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During the Cold War the Typhoon submarines prowled the waters of the North Atlantic. These submarines do not have to submerge or go to sea to launch their long-range missiles. They are able to do so tied up at their docks. The Typhoon is the world’s largest submarine and was one of the most feared weapons of the Cold War. Each submarine is capable of carrying twenty long-range ballistic missiles with up to 200 nuclear warheads that were once aimed at the United States.

The design of the Typhoon submarine is multi-hulled and bears resemblance to a catamaran. The submarine has two separate pressure hulls with a diameter of 7.2 m each, five inner habitable hulls and 19 compartments. The pressure hulls are arranged parallel to each other and symmetrical to a centerplane. The missile compartment is arranged in the upper part of the bow between the pressure hulls. Both hulls and all compartments are connected by transitions. The pressure hulls, the centerplane and the torpedo compartment are made of titanium and the outer light hull is made of steel. A protected module, comprising the main control room and electronic equipment compartment, is arranged behind the missile silos above the main hulls in a centerplane under the guard of retractable devices.

The submarine's design includes features to enable it to both travel under ice and for ice-breaking. It has an advanced stern fin with horizontal hydroplane fitted after the screws. The nose horizontal hydroplanes are in the bow section and are retractable into the hull. The retractable systems include two periscopes (one for the commander and one for general use), radio sextant, radar, radio communications, navigation and direction-finder masts. They are housed within the sail guard. The sail and sail guard have a reinforced rounded cover for ice-breaking.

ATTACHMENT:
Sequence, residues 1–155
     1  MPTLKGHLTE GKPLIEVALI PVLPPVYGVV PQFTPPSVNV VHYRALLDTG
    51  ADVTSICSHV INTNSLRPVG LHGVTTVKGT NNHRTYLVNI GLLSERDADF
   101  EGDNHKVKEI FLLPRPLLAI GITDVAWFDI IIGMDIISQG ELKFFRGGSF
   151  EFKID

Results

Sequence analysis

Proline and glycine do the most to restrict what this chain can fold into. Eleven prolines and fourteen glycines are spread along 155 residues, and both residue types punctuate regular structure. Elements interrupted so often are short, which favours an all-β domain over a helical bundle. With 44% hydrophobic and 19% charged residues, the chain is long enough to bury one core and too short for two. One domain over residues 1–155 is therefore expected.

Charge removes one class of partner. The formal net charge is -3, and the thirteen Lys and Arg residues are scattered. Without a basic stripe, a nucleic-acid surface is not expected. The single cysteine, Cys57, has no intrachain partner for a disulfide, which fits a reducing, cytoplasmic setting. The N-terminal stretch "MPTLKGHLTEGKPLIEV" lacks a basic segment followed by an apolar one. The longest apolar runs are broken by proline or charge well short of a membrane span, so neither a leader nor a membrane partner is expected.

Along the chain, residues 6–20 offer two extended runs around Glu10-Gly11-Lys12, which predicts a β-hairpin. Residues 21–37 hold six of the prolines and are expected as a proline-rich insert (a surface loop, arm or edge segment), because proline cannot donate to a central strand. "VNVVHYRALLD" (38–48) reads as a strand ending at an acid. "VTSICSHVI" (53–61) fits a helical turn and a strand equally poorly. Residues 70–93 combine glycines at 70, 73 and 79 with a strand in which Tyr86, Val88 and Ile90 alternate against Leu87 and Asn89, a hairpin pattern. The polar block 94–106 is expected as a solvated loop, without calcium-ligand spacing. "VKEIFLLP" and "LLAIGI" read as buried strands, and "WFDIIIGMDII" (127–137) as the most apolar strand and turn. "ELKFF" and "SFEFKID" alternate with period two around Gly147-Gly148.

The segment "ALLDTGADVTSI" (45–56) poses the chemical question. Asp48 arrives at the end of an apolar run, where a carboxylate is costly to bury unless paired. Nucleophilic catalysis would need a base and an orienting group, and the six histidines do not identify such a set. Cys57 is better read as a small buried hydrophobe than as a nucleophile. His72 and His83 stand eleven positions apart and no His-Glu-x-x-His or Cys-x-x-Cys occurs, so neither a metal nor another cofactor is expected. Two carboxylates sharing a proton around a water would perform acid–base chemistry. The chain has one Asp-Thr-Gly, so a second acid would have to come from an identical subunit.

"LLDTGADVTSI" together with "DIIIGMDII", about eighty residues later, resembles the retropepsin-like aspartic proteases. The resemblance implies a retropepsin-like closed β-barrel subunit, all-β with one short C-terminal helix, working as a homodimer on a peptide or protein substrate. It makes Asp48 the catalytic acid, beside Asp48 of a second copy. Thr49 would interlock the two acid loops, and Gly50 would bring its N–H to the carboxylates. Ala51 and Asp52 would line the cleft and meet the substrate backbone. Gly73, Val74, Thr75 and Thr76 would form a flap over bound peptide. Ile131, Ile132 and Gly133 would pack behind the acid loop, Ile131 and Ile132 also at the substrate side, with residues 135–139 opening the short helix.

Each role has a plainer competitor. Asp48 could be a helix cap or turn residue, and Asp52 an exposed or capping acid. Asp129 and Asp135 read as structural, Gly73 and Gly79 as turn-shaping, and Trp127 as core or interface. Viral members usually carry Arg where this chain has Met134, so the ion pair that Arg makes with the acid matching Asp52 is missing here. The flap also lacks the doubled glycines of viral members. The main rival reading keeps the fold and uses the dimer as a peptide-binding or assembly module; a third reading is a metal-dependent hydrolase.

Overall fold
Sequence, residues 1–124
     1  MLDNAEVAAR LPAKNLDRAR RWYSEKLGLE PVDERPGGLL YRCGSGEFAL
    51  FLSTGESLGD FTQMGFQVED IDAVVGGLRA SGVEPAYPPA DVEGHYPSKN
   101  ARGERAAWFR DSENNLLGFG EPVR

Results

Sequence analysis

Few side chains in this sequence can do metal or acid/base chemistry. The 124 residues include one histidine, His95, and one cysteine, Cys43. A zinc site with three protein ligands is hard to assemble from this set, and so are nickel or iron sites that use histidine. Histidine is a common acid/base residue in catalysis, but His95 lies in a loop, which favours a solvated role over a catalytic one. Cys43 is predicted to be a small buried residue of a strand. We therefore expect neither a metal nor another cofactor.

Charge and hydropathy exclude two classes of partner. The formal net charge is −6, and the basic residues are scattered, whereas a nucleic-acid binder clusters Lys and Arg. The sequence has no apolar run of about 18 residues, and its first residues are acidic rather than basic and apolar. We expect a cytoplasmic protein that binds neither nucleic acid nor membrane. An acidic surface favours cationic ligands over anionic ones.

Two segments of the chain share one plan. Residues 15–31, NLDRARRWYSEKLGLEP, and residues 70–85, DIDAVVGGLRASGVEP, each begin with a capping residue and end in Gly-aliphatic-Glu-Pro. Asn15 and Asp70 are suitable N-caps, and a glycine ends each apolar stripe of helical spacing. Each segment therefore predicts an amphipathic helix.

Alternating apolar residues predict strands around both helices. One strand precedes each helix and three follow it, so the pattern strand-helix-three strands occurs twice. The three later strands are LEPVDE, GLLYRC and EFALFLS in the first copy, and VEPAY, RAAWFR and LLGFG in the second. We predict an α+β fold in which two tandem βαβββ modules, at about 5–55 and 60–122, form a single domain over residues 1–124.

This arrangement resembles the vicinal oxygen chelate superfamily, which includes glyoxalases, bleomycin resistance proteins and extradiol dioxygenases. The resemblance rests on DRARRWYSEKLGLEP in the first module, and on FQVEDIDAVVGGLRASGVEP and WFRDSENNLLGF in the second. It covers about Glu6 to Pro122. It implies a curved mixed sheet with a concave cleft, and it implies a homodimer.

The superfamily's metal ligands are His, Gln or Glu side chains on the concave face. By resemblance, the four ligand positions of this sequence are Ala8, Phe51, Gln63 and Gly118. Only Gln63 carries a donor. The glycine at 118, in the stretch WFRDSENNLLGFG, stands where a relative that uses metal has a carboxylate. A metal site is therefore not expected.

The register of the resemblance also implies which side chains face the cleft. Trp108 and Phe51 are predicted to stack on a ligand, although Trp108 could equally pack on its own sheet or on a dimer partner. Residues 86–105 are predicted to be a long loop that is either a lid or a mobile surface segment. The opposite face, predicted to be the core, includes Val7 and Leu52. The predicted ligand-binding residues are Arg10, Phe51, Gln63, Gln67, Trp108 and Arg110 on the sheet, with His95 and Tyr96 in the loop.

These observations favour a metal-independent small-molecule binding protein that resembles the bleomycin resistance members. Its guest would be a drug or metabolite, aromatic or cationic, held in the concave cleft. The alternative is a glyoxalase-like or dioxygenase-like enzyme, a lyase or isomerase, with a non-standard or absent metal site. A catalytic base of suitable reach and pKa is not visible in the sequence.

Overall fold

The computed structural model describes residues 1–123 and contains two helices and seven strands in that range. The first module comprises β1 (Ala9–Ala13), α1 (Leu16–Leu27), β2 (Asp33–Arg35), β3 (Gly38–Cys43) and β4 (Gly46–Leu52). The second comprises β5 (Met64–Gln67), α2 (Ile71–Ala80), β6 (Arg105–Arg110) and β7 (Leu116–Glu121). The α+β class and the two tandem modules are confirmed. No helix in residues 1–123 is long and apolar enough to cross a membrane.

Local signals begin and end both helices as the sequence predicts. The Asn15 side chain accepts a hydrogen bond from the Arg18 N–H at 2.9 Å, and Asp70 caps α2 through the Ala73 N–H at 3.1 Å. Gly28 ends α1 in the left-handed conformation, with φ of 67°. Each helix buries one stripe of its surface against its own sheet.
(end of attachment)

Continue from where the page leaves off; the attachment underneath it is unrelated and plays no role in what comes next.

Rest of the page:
The submarine is equipped with the D-19 launch system with 20 solid-fuel propellant R-39 missiles which have a range of up to 10,000 km. They are arranged in silos in two rows in front of the sail between the main hulls. The Typhoon has an automated torpedo and missile loading system including 6 torpedo tubes with calibres of 650 and 533 mm.

The main machinery consists of two reactors each and two steam turbines of 190 MW that provide a maximum speed of 25-27 knots. Compared to the first and second generation of SSBNs the Typhoon enjoys far greater maneuverability Despite of its larger displacement the Typhoons are less noisy than their predecessors. To reduce the acoustic signature a two-spool system of rubber-cord pneumatic shock-absorption is employed as well as a block layout of gears and equipment, a new sound isolation and andrihydroacoustic coating.

The Typhoons are equipped with the "Slope" hydroacoustic system that consists of four hydroacoustic stations. The "Slope" system allows to track 10-12 vessels simultaneously. It also employs two floating antenna buoys to receive radio messages, target designation data and satellite navigation signals at great depth and under an ice cover.

The development of the 941 heavy strategic submarine was authorized in December 1972, and on 19 December 1973 the governmental officially issued the order to design and build the 941 ballistic missile submarine. The developer was the Leningrad design bureau which is now the Central Design Bureau for Marine Engineering "Rubin". After intensive testing the heavy ballistic missile submarine 941-"TK-208" was commissioned in September 1980 and introduced into the Northern fleet on 12 December 1981. Between 1981 and 1989 six Typhoon submarines entered service. They formed part of the 1st flotilla of atomic submarines based in the Western Theater of the Northern fleet based at Nyerpichya. A seventh vessel was begun but never finished.